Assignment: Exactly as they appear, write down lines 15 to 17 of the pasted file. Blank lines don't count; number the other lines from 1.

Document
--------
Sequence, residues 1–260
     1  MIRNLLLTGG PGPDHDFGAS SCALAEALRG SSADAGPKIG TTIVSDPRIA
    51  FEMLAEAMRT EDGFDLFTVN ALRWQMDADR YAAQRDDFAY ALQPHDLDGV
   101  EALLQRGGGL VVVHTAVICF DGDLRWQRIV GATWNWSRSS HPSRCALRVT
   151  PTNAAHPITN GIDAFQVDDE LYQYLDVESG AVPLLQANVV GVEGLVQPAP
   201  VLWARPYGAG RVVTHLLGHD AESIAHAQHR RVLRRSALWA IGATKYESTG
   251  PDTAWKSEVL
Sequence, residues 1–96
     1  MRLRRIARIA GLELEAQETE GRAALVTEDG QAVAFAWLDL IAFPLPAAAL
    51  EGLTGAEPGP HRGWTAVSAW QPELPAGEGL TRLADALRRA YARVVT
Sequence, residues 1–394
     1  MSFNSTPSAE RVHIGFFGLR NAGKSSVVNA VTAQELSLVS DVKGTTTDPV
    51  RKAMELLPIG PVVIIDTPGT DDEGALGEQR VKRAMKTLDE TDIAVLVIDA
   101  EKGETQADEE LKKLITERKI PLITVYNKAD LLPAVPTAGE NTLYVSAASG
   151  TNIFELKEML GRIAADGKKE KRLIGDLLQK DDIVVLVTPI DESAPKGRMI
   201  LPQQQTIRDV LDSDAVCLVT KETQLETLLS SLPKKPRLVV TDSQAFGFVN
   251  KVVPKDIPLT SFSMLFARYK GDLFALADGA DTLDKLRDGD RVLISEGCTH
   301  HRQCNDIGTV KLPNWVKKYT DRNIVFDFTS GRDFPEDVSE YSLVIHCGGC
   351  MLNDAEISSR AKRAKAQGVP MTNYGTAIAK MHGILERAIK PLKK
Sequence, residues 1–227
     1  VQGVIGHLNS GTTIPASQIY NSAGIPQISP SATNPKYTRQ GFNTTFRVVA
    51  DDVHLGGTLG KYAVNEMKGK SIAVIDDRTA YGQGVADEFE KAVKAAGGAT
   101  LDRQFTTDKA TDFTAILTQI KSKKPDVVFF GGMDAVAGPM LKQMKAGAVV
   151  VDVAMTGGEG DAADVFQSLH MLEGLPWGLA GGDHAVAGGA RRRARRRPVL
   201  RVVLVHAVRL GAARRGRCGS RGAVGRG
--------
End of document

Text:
   151  TNIFELKEML GRIAADGKKE KRLIGDLLQK DDIVVLVTPI DESAPKGRMI
   201  LPQQQTIRDV LDSDAVCLVT KETQLETLLS SLPKKPRLVV TDSQAFGFVN
   251  KVVPKDIPLT SFSMLFARYK GDLFALADGA DTLDKLRDGD RVLISEGCTH